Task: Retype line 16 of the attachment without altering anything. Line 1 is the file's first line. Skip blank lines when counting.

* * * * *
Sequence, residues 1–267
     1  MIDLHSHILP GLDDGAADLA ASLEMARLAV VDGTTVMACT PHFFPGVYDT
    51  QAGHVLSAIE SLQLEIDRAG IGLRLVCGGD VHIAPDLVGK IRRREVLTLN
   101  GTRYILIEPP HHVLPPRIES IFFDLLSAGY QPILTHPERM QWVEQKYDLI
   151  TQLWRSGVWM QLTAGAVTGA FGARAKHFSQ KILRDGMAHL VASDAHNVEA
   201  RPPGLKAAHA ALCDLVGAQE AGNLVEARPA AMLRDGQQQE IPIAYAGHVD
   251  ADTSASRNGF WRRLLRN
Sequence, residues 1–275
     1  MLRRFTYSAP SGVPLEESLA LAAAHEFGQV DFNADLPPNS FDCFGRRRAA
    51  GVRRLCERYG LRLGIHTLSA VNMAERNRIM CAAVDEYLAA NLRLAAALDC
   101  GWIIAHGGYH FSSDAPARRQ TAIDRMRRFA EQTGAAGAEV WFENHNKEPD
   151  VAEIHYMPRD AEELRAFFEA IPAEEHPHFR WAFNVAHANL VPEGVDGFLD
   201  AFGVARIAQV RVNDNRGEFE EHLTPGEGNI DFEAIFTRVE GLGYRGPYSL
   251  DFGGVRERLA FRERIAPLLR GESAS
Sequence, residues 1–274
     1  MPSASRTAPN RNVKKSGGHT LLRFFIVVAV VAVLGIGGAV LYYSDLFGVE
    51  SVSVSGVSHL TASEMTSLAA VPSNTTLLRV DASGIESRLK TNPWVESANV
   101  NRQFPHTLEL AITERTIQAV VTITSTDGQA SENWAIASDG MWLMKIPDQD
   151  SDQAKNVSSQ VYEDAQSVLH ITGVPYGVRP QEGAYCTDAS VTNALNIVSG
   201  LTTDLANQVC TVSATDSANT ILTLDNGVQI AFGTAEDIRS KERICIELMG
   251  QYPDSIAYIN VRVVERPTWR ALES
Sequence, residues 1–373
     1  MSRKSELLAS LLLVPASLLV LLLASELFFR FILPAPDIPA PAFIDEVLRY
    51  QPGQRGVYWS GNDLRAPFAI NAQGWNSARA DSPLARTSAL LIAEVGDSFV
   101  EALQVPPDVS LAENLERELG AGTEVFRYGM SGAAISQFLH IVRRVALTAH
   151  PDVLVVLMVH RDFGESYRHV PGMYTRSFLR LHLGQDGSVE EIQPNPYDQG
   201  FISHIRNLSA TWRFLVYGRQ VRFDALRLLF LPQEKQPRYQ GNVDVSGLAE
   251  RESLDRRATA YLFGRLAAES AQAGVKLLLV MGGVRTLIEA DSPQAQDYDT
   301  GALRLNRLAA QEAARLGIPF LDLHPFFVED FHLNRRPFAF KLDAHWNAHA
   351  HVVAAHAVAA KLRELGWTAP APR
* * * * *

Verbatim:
     1  MPSASRTAPN RNVKKSGGHT LLRFFIVVAV VAVLGIGGAV LYYSDLFGVE